Near by places

Guruvayoor and Punnathur kotta

Half an hour drive from poomulli mana, Guruvayoor is one of the most sacred and important pilgrim centres of Kerala. Its main attraction is the Sree Krishna Temple. This historic temple is shrouded in mystery. According to belief, the temple is the creation of guru, the preceptor of the goods, and vayu, the god of winds. The eastern nada is the main entrance to the shrine. In the Chuttambalam (outer enclosure) is the tall 33.5 m high gold plated Wajasthambam (flag post). There is also a 7 m high Dipastambham (pillar of lamps), whose thirteen circular receptacles provide a truly gorgeous spectacle when lit. The square Sreekovil is the sacred sanctum Sanctorum of the temple, housing the main deity. Within the temple, there are also the images of Ganapathy, Sree Ayyappa and Edathedathy Kavil Bhagavathy. Only Hindus are allowed inside the temple.

The temple dates back to the 16th century is dedicated to Krishna known here as Guruvayurappan or the Lord of Guruvayoor, and the idol is said to have been worshipped by Lord Brahma himself at Dwaraka. It is at this temple that Melpatur Narayan Bhattathiri composed his well-known Sanskrit devotional poem 'Narayaneeyam'. The temple is renowned for its healing powers. Several offerings are made to the deity here from the simple 'Archana' offering of flowers to the expensive and elaborate 'Udayastamana' pooja or 'Thulabharam' where a devotee is weighed against offering of bananas, sugar, jaggery or coconuts. The walls of the sanctum sanctorum are inlaid with exquisite mural paintings and carvings. In Kerala, This is probably the only site for several weddings and 'Annaprasanam', the first feeding ceremony of child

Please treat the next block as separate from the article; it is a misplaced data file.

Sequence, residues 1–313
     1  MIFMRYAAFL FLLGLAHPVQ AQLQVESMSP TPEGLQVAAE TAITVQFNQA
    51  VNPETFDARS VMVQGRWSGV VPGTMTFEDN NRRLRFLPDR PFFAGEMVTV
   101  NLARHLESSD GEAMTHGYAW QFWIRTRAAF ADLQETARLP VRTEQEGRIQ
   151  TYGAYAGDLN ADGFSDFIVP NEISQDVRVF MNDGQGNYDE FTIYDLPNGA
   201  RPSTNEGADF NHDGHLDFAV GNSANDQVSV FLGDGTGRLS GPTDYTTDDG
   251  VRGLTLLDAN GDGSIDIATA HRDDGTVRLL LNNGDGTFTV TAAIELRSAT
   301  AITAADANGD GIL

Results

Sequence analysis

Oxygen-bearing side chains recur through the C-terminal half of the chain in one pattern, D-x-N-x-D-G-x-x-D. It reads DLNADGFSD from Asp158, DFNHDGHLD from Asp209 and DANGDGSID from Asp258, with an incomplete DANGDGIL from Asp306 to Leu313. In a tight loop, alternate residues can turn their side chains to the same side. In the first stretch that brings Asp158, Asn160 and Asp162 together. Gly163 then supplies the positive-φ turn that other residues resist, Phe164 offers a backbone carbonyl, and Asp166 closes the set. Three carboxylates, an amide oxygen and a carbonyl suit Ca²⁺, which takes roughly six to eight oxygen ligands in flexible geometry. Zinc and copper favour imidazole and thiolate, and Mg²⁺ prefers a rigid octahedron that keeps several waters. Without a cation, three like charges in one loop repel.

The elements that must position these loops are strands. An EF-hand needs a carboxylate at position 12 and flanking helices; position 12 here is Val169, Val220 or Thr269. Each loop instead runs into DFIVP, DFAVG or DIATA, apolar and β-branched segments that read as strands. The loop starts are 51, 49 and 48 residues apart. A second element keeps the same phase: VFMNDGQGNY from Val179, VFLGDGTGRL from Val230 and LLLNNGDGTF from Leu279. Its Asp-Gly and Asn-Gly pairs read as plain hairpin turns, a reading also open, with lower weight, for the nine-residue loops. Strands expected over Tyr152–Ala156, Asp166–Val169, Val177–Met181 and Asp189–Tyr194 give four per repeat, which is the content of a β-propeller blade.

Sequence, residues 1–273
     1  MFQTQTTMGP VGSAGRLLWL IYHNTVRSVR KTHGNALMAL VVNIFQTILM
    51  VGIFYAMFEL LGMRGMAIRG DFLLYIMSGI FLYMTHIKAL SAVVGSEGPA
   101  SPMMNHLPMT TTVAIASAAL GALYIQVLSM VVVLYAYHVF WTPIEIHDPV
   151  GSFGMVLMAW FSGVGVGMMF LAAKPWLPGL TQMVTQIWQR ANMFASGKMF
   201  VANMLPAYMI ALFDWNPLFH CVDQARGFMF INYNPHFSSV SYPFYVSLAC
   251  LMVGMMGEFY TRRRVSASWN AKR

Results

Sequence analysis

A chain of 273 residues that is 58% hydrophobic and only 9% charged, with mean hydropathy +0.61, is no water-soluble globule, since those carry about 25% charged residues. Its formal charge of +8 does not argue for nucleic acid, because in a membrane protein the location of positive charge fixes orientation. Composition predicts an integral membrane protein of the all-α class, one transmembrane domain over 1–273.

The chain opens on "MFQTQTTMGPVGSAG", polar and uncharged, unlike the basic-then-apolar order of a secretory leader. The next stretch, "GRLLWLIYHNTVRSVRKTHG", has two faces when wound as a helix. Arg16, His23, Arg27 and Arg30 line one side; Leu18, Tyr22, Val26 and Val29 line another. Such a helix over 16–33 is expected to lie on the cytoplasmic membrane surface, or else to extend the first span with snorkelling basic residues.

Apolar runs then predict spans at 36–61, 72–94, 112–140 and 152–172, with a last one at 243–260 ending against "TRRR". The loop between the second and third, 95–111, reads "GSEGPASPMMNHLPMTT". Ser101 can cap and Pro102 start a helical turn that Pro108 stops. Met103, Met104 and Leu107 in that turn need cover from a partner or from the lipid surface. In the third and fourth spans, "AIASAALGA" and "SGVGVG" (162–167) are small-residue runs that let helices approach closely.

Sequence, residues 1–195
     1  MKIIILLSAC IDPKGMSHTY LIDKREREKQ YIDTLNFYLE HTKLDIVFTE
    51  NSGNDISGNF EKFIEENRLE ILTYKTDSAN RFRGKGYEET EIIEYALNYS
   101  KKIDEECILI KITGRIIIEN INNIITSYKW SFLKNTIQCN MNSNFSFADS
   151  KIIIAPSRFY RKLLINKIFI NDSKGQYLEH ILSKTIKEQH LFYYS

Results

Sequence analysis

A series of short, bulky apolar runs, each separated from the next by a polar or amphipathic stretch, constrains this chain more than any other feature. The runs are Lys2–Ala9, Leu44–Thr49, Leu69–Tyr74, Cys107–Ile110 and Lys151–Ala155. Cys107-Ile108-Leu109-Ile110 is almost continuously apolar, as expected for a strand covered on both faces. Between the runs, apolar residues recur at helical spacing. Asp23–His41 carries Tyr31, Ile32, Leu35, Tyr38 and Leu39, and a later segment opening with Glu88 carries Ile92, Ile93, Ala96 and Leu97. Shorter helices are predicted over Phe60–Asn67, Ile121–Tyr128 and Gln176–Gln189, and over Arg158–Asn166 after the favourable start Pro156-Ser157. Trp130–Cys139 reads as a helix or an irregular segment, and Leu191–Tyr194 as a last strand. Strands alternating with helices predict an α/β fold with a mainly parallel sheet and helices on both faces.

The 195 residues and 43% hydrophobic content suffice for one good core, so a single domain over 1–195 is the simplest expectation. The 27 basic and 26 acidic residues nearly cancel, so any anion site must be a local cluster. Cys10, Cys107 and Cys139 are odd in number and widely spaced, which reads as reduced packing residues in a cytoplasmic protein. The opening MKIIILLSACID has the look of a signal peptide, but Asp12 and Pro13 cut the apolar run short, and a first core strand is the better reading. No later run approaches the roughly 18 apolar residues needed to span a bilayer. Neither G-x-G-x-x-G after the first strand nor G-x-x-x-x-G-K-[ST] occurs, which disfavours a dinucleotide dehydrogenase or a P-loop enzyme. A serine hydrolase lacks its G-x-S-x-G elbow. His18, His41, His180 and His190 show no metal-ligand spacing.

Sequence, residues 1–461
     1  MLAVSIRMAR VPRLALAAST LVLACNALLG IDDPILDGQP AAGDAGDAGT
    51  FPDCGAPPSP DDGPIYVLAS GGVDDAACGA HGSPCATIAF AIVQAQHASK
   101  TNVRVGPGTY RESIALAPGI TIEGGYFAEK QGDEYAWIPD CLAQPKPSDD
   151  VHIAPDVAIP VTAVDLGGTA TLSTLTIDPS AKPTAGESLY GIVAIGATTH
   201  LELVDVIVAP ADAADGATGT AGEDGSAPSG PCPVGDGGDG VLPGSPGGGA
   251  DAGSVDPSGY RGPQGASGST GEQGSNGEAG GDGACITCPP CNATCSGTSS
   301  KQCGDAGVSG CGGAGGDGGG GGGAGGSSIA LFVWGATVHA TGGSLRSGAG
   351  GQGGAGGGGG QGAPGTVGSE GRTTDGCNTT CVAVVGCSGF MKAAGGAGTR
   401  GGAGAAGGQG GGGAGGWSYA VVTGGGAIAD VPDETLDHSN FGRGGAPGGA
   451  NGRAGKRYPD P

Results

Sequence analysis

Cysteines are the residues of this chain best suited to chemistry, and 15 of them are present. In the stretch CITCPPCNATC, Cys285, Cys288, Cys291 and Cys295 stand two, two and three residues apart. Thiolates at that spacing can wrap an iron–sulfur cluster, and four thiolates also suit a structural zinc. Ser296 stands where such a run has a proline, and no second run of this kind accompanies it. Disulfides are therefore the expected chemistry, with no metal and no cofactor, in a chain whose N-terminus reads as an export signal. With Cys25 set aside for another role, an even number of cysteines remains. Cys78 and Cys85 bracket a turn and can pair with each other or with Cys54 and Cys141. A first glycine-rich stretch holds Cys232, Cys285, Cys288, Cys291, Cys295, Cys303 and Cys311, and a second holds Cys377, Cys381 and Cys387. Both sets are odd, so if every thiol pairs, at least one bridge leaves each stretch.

Punnathur Kotta

The punnathur Kotta, an elephant sanctuary which is 3 km away from North of Guruvayoor Temple is house to more than 40 elephants. Here you can see how the elephants are been trained for various ritualistic performances.

Kerala Kalamandalam

The birth of Kalamandalam was remarkable in many respects. It was the first institutional step in the cultural history of Kerala to start training in classical performing arts which were so far left to the patronage of provincial kings and landlords. The artists, especially the Kathakali artists, were in general, the aesthetic victims of the society. They were silent sufferers of the caste hierarchy, prevailing in Kerala, during the period.. With the establishment of Kalamandalam the social and cultural emancipation of traditional artists became a reality. At the same time Kathakali and Mohiniyattam, the two major art forms, were heading to extinction for want of patronage. It was Vallathol who ensured their continued existence and progress under the newly evolved institutional set

In 1965 Kalamandalam added Koodiyattam to its curriculum. Koodiyattam is the only extant stylized Sanskrit theater having a tradition of two thousand years. Painkulam Rama Chakyar who headed the Koodiyattam department was a maverick. Rama Chakyar boldly brought Koothu and Koodiyattam outside the temples in the late fifties disregarding the displeasure of caste-conscious conservatives in the field and liberated these esoteric art forms from the dark cells of taboos and inhibitions. From 1965 Koodiyattam, Koothu and Nangiarkoothu were made available in Kalamandalam for study for anyone interested. Kalamandalam has produced a handful of gifted artists in the field. Recently the UNESCO has recognized Koodiyattam as an illustrious example of manifestation of the heritage of human culture and the contribution of Kalamandalam in this regard is significant.